by W.H. "Chip" Gross - Sunday, June 11, 2017
Nineteen-year-old Chris Wilkoski began his Bunker Trap career by standing atop and shooting from a picnic table at a local gun club. "We called it Hillbilly Bunker," he said, "because shooting from a picnic table behind two traps somewhat simulated Bunker Trap."
From those humble beginnings, Wilkoski has gone on to become a current member of the USA Junior National Shooting Team, as well as the USA World Shooting Team, specializing in Bunker Trap. Born and raised in Sunbury, Ohio, Chris now shoots and trains at the nearby Cardinal Center-where he no longer has to shoot from a picnic table.
Bunker Trap is similar to American Trap, but only in the general way a sports car is similar to a mini-van. In Bunker, also known as International Trap, there are five shooting stations. However, while an American trap house holds one oscillating trap machine, a bunker trap house contains 15 fixed traps. In other words, Bunker Trap machines do not oscillate.
At all five Bunker Trap shooting stations, a target is thrown from any of the three traps directly in front of a shooter. In addition, Bunker Trap targets fly at wider angles than American Trap, up to 45 degrees, and may also be thrown higher or lower. Each shooter gets the same targets during a round of 25, but does not know for sure in what sequence the targets will be thrown. The main difference between the two shotgun games, however, is target speed.
"An Amateur Trapshooting Association (ATA) clay target flies at 45 mph," said Wilkoski, "but a Bunker Trap clay target moves at 68 mph. That's quite a difference..."
I found out for myself just how much difference 23 miles per hour can make. After interviewing Chris for this story, I was taking a few photographs of him shooting when he offered to let me try a few targets. Using his shotgun, a Browning Citori over-under 12 gauge, I shot at two targets from each of the five shooting stations. And never touched even one.
"I think you were consistently behind all the targets," Chris said from his coaching position behind me. "See what I mean by the difference in speed?"
Another difference in Bunker Trap is that a shooter is allowed a second shot at the same target if he misses with the first. But those birds were moving so fast I was lucky to get off one shot, let alone two. All in all it was a truly humbling experience, making me appreciate the level of skill Wilkoski and other Bunker Trap shooters possess. And did I mention that Wilkoski's specialty during competition is doubles? In other words, he's shooting at two targets thrown at the same time!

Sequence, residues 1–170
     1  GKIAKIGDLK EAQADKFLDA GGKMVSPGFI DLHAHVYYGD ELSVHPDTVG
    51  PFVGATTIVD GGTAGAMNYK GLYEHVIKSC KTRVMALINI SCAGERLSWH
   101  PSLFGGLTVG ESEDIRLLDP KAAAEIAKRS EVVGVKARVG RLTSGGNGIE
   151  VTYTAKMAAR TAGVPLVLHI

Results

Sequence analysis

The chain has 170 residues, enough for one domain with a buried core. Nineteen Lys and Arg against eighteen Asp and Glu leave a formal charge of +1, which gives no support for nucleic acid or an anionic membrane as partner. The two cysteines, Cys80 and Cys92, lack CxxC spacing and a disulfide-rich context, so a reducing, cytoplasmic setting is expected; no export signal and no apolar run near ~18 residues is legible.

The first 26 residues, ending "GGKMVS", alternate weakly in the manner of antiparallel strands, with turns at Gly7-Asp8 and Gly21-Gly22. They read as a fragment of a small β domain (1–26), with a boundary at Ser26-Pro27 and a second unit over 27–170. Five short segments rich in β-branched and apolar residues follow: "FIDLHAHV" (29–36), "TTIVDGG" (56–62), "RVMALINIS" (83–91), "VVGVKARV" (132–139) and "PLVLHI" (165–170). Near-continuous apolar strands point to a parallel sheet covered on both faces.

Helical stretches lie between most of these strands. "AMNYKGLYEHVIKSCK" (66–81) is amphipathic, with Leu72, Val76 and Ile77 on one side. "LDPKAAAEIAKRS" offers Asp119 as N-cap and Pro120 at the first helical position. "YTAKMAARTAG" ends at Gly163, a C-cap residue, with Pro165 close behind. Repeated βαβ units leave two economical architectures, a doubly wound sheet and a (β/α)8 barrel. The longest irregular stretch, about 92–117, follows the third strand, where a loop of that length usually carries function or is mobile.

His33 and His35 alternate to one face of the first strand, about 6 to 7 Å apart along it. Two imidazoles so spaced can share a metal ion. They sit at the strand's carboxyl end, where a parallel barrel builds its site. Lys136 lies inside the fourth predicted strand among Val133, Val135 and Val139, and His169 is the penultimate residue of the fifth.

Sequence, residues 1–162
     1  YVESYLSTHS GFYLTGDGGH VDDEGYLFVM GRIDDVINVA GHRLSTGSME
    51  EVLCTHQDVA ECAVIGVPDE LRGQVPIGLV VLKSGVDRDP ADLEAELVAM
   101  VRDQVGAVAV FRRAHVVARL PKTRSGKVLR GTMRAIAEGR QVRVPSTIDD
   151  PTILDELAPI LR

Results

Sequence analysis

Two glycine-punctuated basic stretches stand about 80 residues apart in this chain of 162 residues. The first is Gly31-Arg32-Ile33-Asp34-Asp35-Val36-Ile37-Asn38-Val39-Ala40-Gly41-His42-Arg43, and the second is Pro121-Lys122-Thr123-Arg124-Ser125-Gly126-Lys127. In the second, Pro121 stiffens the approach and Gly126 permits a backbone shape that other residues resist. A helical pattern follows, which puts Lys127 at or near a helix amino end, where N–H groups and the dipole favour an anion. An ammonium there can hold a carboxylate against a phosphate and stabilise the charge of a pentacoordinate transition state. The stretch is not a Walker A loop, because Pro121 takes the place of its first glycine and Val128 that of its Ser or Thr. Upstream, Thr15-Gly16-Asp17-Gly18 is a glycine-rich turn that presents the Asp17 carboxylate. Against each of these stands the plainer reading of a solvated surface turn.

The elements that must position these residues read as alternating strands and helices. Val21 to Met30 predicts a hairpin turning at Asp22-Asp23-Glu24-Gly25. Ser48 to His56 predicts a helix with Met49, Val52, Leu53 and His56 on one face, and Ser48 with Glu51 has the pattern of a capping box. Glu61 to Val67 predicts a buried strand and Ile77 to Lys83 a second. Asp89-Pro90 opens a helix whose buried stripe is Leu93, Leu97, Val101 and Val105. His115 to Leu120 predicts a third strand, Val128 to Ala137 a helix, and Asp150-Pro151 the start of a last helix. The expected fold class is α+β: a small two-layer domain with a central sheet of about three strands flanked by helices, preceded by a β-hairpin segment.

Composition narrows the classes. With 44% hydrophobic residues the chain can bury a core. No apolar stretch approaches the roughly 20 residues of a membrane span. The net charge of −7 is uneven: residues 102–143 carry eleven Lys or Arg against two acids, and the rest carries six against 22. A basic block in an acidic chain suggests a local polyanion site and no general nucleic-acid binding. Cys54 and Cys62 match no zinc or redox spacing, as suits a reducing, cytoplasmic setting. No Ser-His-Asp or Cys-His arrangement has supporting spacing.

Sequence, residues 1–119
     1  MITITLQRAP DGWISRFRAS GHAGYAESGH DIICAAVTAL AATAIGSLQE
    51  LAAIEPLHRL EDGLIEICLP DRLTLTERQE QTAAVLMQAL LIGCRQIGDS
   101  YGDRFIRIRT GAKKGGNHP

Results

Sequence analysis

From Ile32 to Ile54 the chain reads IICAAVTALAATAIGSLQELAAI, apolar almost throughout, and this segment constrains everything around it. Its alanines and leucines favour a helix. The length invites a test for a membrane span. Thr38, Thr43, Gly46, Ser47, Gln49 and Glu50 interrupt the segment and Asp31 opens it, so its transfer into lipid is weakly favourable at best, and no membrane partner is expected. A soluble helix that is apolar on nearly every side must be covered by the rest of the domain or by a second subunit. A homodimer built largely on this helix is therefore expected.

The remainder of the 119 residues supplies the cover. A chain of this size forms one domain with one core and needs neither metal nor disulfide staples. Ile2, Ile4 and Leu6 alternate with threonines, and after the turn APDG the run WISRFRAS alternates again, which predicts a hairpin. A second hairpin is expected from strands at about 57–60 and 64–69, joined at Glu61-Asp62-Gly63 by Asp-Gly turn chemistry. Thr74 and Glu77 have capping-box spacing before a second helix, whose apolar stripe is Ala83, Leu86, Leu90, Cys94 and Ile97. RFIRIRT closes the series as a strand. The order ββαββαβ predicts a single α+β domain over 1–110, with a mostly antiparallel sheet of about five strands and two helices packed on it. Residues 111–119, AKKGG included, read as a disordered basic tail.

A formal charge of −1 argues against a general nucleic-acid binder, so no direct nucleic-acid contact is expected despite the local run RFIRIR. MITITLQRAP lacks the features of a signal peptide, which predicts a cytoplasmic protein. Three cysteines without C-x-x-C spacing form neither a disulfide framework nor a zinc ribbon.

Chris has several natural gifts that helped make him the exceptional shooter he's become. For instance, he has better than 20/20 vision, extremely quick reflexes and he's tall-six feet, four inches, to be exact. "My height gives me a slight edge because I can see the targets coming out of the bunker a split second sooner than shorter shooters," he said.
Asked what he enjoys most about the sport, Wilkoski mentioned the other Bunker Trap shooters he meets, as well as the international travel. "I'm only 19 years old," he said, "but I've already been to five countries outside America: Dubai, Cyprus, Peru, Germany and Spain." Wikoski is attending his first semester at Ohio State University this fall, studying criminal justice.
What Wilkoski emphasizes when beginning any of the shotgun sports, especially for young people, is proper gun fit. "If a shotgun doesn't fit a new shooter, and as a result every recoil hurts, he or she will obviously not like shooting very much. It's important to have a coach who understands that, and gets kids and new shooters started the right way."
Wilkoski also has a tip for experienced shotgun shooters. He said that once you are on the firing line, if you look down for any reason-say to load your shotgun-it will take at least 10 seconds for your eyes to fully refocus downrange. "So always allow enough time for your eyes to readjust before calling for a target," he said.
Bunker Trap is how the rest of the world shoots trap. If you think you're good at American Trap, and maybe getting a little bored with the game, give Bunker a try sometime. I guarantee you'll not break 25 straight. Bunker Trap ranges are not as numerous throughout the U.S. as American Trap fields, but keep in mind there are always plenty of picnic tables available.
W. H. "Chip" Gross (www.chipgross.com) is a veteran Ohio outdoors writer/photographer, recreational shooter and NRA member.
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